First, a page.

Members of Utah’s Administrative Rule Review Committee began reviewing a recent fee increase by the Bureau of Criminal Identification regarding fees associated with concealed carry permits in the state. The fee went into effect on August 1st, 2017.
The addition to the cost for fingerprinting and background checks as part of the permit process effectively doubles the cost of these checks, adding $20 to what was previously a $25 fee.
The Bureau of Criminal Identification believes that the increase is within their authority based on a law based in 2015 regarding fee increases for background checks for school teachers. However, critics claim that stretches the meaning of the law and oversteps the bounds of the bureau.
Under review is the “legislative intent” of the 2015 law, which legal review by the bureau claims includes the ability to increase the costs of background checks for concealed carry as well as teacher checks.
Only recently did the bureau realize that the law could be applied to both. And while they agree that the original bill’s author may not have meant for the law to be used this way, the language doesn’t preclude it. In fact, according to Sen. Jim Dabakis, D-Salt Lake City, the law explicitly allows for a concealed carry fee increase.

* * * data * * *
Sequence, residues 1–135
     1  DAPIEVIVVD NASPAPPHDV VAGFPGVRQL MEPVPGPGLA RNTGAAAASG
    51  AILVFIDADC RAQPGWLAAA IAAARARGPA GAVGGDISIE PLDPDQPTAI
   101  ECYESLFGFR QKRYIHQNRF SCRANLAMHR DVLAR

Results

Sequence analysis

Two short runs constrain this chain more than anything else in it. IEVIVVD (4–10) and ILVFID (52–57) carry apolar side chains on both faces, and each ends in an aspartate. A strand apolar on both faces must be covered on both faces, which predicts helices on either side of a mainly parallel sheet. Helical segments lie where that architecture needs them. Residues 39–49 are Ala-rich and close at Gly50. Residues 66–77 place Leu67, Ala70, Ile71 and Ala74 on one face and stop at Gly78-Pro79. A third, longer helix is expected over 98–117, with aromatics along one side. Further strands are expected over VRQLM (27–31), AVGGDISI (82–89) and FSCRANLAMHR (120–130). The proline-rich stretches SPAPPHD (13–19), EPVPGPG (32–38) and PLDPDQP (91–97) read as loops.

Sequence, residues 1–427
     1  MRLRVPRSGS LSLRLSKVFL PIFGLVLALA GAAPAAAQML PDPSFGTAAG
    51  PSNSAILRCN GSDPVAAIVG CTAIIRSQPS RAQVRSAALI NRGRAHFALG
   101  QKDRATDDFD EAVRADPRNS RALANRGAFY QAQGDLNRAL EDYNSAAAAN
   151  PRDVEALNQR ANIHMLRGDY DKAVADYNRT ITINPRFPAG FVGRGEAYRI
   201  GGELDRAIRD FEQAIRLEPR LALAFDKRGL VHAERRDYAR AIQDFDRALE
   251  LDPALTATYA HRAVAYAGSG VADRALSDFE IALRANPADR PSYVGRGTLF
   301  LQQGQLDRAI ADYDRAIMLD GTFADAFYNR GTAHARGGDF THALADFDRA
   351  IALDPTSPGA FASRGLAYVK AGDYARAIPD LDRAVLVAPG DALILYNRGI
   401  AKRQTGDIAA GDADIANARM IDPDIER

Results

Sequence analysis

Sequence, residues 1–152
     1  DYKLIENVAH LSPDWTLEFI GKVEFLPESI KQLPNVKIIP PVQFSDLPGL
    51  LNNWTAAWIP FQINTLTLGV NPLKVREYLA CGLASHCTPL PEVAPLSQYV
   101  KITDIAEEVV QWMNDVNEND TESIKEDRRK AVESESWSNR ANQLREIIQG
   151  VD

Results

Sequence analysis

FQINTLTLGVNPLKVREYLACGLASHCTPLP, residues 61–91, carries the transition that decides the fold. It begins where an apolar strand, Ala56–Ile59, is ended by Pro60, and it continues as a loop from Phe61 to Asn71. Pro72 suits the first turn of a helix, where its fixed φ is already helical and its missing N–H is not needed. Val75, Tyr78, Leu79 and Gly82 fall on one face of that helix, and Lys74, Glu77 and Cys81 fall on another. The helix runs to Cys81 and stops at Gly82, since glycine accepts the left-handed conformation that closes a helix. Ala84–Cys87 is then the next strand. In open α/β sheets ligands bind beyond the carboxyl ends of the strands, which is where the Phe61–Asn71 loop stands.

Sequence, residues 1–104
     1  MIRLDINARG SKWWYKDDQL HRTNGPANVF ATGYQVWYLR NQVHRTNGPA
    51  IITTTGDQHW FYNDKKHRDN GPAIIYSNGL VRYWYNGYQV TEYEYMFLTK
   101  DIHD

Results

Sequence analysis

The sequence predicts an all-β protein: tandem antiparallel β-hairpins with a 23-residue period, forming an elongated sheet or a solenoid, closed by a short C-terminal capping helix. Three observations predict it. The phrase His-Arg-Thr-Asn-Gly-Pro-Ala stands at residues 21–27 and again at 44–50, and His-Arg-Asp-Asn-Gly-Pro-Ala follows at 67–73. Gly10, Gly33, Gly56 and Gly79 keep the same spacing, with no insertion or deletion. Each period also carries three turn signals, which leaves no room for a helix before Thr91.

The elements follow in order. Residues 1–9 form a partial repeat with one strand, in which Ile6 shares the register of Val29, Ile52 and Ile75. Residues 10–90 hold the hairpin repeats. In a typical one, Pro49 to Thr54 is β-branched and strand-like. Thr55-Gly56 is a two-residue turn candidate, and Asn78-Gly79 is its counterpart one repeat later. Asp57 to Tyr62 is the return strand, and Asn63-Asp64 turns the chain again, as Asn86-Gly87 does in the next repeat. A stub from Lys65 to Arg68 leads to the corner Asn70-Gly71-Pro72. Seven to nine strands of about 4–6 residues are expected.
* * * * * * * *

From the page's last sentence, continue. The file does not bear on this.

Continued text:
Opponents, on the other hand, claim that Rep. Steve Handy, R-Layton, who originally authored the bill, only meant to give the bureau the power to increase the fee for teacher’s background checks.
Rep Brian Greene, R-Pleasant Grove, spoke with other lawmakers about the original law and said that despite being sympathetic to the bureau’s financial needs, this isn’t the correct interpretation of the law.
NRA lobbyist Brian Judy also opposes the hike. Judy said that the NRA would be interested in working with the bureau to ensure the correct fees are paid, but not more. “If the fees are necessary, we will pay the fee that is required to conduct the entire process,” he said.
But according to Lt. Ryan Van Fleet, the fees will be put to good use. The additional funds will help pay for the bureau to place background information in a multi-state identification system known as the Western Identification Network.